O’NEILL, EUGENE. (1888-1953).American playwright; winner of both the Pulitzer and Nobel prizes. TLS. (“Eugene O’Neill”). 2/3 p. 4to. Danville, February 22, 1938. On Tao House stationery. To [MAX] OTTO KOISCHWITZ (1902-1944). German-American author, professor and Nazi sympathizer.
“Before acknowledging your letter, forwarded out here, I have been waiting to receive the copy of your monograph which you said was being mailed under separate cover. It has not reached me yet – probably delayed in forwarding – but I am writing anyway to tell you how deeply I appreciate your interest in my work and to thank you for your letter. Also to tell you, regarding Bound East to Cardiff, that in my opinion you are quite right in laying emphasis on that play – although purely as a piece of dramatic writing I rate it considerably below The Moon of the Caribbees.”
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Perhaps America’s greatest playwright, O’Neill vaulted himself to success with his Desire Under the Elms, produced in 1924, followed by the Pulitzer Prize winning Strange Interlude, and the 1931 trilogy Mourning Becomes Electra. A regular among the Greenwich Village literati in the 1910s, O’Neill became involved with the Provincetown Players in 1916, a theater company that debuted many of his early plays at their theaters in Provincetown, Massachusetts and Greenwich Village.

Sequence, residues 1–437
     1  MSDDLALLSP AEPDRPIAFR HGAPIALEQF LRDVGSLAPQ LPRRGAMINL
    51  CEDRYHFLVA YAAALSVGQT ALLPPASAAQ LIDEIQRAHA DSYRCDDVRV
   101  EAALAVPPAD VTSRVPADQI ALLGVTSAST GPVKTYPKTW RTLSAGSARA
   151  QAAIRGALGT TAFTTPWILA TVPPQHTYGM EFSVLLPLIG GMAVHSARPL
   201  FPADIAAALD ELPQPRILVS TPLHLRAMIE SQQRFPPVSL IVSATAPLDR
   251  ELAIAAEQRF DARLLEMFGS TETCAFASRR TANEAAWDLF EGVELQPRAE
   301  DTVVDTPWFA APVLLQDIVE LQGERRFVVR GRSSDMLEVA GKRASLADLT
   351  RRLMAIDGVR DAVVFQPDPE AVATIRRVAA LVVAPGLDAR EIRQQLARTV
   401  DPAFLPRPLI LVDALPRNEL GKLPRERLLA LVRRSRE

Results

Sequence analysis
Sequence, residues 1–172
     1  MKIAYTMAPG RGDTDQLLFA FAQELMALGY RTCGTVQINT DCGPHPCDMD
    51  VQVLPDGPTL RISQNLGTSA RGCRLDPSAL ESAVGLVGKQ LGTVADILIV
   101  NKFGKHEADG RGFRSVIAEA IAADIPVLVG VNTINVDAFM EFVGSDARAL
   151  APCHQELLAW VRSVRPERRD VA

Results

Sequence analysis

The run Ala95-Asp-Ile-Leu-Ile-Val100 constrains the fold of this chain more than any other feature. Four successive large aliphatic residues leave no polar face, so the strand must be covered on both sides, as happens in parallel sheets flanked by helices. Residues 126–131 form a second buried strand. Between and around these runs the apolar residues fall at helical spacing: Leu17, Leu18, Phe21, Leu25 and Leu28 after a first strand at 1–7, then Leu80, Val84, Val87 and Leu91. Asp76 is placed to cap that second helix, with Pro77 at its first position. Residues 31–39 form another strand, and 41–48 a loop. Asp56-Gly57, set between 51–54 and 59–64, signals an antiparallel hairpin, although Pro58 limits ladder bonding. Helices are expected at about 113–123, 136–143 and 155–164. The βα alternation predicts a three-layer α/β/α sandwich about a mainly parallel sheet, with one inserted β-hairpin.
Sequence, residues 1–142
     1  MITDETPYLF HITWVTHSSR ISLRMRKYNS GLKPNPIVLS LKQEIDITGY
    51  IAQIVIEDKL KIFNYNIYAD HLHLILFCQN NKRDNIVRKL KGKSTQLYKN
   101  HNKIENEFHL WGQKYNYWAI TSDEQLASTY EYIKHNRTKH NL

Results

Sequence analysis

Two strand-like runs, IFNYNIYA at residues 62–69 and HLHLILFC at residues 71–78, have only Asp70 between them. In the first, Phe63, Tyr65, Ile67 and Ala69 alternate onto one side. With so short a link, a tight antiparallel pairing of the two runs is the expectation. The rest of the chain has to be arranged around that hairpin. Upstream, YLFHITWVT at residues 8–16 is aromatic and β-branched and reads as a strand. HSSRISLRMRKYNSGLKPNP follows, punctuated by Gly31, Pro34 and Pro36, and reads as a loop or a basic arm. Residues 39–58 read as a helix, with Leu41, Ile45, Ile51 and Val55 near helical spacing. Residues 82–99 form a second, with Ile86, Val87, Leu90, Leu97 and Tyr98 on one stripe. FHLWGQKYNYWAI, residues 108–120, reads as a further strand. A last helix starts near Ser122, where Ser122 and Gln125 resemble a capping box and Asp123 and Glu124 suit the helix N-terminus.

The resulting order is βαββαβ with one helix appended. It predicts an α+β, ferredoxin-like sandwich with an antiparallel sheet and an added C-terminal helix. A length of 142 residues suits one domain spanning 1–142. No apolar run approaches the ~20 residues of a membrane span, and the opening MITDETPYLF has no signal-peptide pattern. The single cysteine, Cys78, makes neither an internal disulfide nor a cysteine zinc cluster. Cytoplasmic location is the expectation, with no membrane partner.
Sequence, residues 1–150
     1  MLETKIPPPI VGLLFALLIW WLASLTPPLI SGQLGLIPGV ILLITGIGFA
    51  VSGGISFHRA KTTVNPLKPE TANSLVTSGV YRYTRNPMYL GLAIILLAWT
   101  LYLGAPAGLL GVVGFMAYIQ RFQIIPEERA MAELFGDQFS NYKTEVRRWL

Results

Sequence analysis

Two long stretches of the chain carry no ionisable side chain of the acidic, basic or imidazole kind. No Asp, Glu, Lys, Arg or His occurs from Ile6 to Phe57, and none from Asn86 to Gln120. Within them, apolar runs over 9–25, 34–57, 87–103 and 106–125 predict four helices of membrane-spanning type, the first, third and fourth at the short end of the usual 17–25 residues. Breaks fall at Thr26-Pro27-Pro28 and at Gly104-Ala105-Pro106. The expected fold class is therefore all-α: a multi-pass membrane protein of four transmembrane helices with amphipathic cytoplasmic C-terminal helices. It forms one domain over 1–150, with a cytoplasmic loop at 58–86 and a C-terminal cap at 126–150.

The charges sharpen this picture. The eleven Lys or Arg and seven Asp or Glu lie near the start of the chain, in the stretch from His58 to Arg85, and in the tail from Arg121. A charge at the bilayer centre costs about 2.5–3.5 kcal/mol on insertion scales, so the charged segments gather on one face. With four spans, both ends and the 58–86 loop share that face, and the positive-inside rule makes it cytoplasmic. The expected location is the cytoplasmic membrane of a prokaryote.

Inspired by his own years at sea as a sailor, Bound East for Cardiff and The Moon of the Caribbees were first performed in 1916 and 1918 by the Provincetown Players. The two one-act plays make up half of the Glencairn cycle, a series of four plays that take place on the S.S. Glencairn. The Glencairn plays, or the “sea plays” also include In the Zone and The Long Voyage Home. O’Neill considered The Moon of the Caribbees one of his best works. The play was inspired by his own experiences as a sailor in Trinidad.
A German professor at Columbia University and Hunter College, German-born Koischwitz became a U.S. citizen in 1935. In 1938, he published the first European critical analysis of O’Neill’s work, the “monograph” referred to in our letter. Koischwitz openly supported Hitler and the Nazi regime, and in 1939, after introducing anti-Semitic content into his courses, he was asked to take a leave of absence from Hunter College. From 1940 until his death in 1944, Koischwitz worked as a program director for the Nazi run German State Radio, broadcasting propaganda directed towards college students and German-Americans, while his American girlfriend and fellow radio commentator, Mildred Gillars, became known to American GI’s as “Axis Sally.” An unusual association, to say the least! Folded and in very good condition.
A Typed Letter Signed by the Nobel and Pulitzer Prize Winning Author to Nazi Sympathizer and Propagandist Otto Koischwitz